WASHINGTON - Secretary of State Michael Pompeo confronted harsh bipartisan questioning at a Senate hearing dominated by lawmakers’ ire over President Donald Trump’s policies toward Russia and his trade strategy.
“You come before a group of senators today who are filled with serious doubts about this White House and its conduct of American foreign policy,” Republican Sen. Bob Corker, chairman of the Foreign Relations Committee, said in his opening statement. “I can’t say it more forcefully. We really need a clear understanding as to what is going on.”
Corker also slammed the administration’s trade war with China and allies in Europe. White House briefings on trade policy have left senators without “a sense that there’s a coherent strategy driving these policies,” said Corker who’s retiring from the Senate and has had a contentious relationship with Trump.
“The administration tells us, ‘Don’t worry, be patient, there’s a strategy here,’ but from where we sit it appears that in a ‘ready-fire-aim’ fashion the White House is waking up every morning and making it up as they go,” he said.
While the comments came before Trump and European Commission chief Jean-Claude Juncker said they reached a deal to avoid a trade war, the U.S. and China continue to ramp up threats of retaliatory tariffs, and an agreement to rewrite NAFTA with Canada and Mexico remains unfulfilled.
During a combative back-and-forth with Sen. Bob Menendez, the panel’s top Democrat, Pompeo defended Trump’s decision to meet one-on-one with Russian President Vladimir Putin during their summit last week in Helsinki. Pompeo said the president “is entitled to have private meetings” and that Trump and Putin gave a summary of their talks in a subsequent meeting with aides. “I think I have a pretty complete understanding” of what was discussed, he said.
Pompeo later added that he’s been asked to follow up on a number of general agreements with Russia from the summit, including establishing business-to-business leadership exchanges, re-establishing a counterterrorism council held at the deputy secretary of state level and trying to get “Russia to be more cooperative” in finding a solution to the crisis in Syria.
Pompeo arrived at the hearing seeking to quickly tamp down concern about Trump’s stance on Russia, telling lawmakers that the president fully understands the scope of Moscow’s interference in the 2016 U.S. election. But he added, “President Trump believes that two great nuclear powers should not have such a contentious relationship.”
The top U.S. diplomat touted a State Department proclamation just before the hearing emphasizing that the administration remains opposed to Russia’s annexation of Crimea. Pompeo also praised Turkey’s decision to put a U.S. pastor who had been jailed under house arrest instead.
But senators pushed back, seeking assurances that the president wouldn’t ease sanctions on Russia and that North Korea remains committed to complete denuclearization after talks Pompeo held with a top aide to leader Kim Jong Un this month in Pyongyang seemed to stall.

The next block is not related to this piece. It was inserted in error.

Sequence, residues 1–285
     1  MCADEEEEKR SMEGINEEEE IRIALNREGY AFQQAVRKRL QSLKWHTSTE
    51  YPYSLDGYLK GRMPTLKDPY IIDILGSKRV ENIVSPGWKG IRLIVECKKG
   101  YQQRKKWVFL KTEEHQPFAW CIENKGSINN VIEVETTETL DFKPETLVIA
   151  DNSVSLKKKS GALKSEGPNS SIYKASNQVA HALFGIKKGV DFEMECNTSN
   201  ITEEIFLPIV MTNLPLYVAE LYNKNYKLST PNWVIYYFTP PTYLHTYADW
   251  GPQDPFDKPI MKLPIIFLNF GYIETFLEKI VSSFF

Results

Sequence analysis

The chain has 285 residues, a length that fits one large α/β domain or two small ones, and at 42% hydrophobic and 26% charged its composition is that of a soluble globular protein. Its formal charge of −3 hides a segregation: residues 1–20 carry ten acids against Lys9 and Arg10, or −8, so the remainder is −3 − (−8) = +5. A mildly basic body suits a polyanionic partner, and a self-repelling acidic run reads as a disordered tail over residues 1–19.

Pressed about the status of negotiations with North Korea, Pompeo said Kim’s regime continues to produce fissile material that could be used in nuclear weapons. Nevertheless, he reiterated that North Korean officials have committed to denuclearizing and added that their vow includes getting rid of chemical and biological weapons.
Asked about the timing to achieve denuclearization, Pompeo said it should occur by the end of Trump’s first term in January 2021, or “more quickly if possible.” But he declined to answer specific questions about progress on the steps needed to get to a fully denuclearized North Korea.
“We have not been taken for a ride, senator,” Pompeo said during an exchange about North Korea with Democratic Sen. Ed Markey of Massachusetts. “I hope you can sleep a little bit better tonight.”
Florida Republican Marco Rubio told reporters outside the hearing room that despite Pompeo’s assurances, he remains concerned about North Korea’s commitments and whether Kim is just seeking “a prolonged process of step-by-step-concessions” to “allow the economy not to collapse.”
Toward the end of the hearing, Corker brought the discussion back to the concerns senators on both sides of the aisle expressed: that Trump’s public statements on issues from Russia to NATO undermine the U.S. and its relationships with key allies.
“Much of what we’re hearing today has nothing whatsoever to do with you,” Corker told Pompeo. “It’s the president that causes people to have concerns.”
Pompeo pushed back, saying the administration’s actions are directed by Trump, that he and key aides like Defense Secretary Jim Mattis are simply carrying out the president’s policies. Corker was unpersuaded.
“It’s not about you and it’s not about Mattis and it’s not about what we’re doing on the ground,” Corker said. “It’s the president’s actions that create tremendous distrust in our nation, among our allies. It’s palpable.”